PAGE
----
Q. How can what you call "medical-grade AI" improve patient outcomes?
A. Medical-grade AI can improve patient outcomes by giving clinicians the information they need, when they need it and in an easily consumable form, thus enabling them to provide more effective care.
When clinicians are unable to access patient information in unstructured data – about a previous procedure, say, or chronic condition or severe allergy to a medication – they lack a holistic view of the patient. This can lead to mistakes in diagnosing and treating patients that result in negative outcomes.
Conversely, when medical-grade AI generates automated patient history summaries,
clinicians at the point of care have immediate access to information that enables insights into that patient’s health and well-being. This is especially valuable when a doctor is seeing a patient for the first time.
As I mentioned earlier, clinicians won’t use tools they don’t trust because they can’t verify the information they’re being given. Medical-grade AI overcomes that concern by linking information in a patient summary back to the original data in that patient’s chart,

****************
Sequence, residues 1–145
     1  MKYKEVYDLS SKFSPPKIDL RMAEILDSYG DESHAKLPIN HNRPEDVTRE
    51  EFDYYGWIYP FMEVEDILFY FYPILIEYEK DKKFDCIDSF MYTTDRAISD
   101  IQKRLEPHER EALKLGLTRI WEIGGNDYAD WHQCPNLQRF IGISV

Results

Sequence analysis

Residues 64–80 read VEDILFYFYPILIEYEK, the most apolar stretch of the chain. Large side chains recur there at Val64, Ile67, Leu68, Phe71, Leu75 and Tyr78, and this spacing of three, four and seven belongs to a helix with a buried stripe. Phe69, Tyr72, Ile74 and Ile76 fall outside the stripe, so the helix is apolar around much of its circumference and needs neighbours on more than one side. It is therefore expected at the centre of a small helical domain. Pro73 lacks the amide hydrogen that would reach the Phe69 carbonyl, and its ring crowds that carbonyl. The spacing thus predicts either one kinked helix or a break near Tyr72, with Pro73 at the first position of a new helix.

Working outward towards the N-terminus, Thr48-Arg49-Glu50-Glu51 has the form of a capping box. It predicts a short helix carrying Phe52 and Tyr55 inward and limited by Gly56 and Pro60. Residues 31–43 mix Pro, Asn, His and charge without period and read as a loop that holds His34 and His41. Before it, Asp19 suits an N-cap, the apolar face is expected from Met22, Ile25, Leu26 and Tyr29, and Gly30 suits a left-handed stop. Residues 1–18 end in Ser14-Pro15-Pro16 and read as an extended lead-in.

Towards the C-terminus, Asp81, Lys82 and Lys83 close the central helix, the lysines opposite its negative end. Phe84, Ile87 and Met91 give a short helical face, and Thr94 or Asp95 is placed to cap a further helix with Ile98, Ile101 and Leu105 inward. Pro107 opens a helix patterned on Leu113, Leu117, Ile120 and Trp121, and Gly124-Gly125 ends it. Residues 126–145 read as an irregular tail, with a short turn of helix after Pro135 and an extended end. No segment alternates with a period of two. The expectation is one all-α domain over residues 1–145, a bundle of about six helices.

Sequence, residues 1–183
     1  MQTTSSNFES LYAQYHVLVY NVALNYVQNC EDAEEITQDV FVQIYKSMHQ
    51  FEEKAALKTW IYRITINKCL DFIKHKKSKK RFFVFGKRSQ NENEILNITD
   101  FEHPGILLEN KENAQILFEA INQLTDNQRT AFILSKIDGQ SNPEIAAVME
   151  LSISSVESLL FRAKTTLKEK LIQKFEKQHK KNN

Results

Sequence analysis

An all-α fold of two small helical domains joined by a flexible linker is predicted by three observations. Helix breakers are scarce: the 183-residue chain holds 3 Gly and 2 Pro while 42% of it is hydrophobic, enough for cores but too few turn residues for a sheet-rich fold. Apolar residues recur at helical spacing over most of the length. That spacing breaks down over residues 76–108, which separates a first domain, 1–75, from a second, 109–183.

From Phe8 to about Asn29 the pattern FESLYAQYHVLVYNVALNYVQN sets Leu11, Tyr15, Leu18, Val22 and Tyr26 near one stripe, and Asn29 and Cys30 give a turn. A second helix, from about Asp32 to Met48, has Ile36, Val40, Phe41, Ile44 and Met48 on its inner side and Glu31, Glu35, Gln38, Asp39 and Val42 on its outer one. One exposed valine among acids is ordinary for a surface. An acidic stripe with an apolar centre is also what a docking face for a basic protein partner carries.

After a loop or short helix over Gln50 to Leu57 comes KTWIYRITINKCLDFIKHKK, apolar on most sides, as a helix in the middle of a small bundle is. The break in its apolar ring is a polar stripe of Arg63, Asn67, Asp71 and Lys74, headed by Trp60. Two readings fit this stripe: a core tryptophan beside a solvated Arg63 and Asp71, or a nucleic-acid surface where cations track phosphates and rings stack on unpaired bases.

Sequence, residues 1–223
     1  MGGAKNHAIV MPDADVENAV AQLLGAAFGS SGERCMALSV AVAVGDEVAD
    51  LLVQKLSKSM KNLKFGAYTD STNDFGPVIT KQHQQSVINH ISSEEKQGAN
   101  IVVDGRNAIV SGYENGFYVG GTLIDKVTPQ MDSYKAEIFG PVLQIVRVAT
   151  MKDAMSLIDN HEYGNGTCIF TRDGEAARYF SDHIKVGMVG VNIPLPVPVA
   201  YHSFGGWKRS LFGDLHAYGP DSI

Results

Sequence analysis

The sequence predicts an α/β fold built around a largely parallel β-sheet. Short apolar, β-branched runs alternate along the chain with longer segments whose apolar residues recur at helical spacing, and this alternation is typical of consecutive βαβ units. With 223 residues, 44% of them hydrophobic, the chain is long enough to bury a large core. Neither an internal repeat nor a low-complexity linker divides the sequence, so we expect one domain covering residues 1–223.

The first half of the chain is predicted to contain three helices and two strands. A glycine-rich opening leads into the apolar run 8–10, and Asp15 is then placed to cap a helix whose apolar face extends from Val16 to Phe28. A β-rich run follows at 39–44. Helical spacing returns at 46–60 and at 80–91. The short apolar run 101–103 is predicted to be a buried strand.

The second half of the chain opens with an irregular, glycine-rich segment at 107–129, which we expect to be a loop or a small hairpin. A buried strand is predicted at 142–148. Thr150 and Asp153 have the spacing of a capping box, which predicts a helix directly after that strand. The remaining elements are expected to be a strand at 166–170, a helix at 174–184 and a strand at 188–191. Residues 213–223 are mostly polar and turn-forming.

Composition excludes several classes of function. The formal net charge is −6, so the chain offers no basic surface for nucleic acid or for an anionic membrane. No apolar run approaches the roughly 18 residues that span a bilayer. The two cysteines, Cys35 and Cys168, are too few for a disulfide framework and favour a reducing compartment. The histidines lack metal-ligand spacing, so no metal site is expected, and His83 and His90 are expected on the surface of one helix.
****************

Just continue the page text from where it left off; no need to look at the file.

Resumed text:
allowing clinicians to review context and verify sources for accuracy.
Q. How can "medical-grade AI" prevent clinician burnout?
A. Clinicians spend far too much time looking for and sifting through patient data. This creates a lot of stress for providers because they want to be interacting with patients, not staring at a computer screen or scanning for specific information buried in a lengthy patient chart.
Medical-grade AI offers powerful capabilities such as context-sensitive search and
automated summaries that substantially improve workflows. By striking the right balance between recall and precision, medical-grade AI enables clinicians to be more efficient and effective in treating patients.
Better workflows help minimize burnout because clinicians don’t feel as if they are struggling constantly to keep up with their patient workloads. It only makes sense that when clinicians have smarter digital tools at their desks and at the examination table, they will be less frustrated and better able to practice at the top of their license. And that’s what all doctors want to do.
Read this article on Healthcare IT News.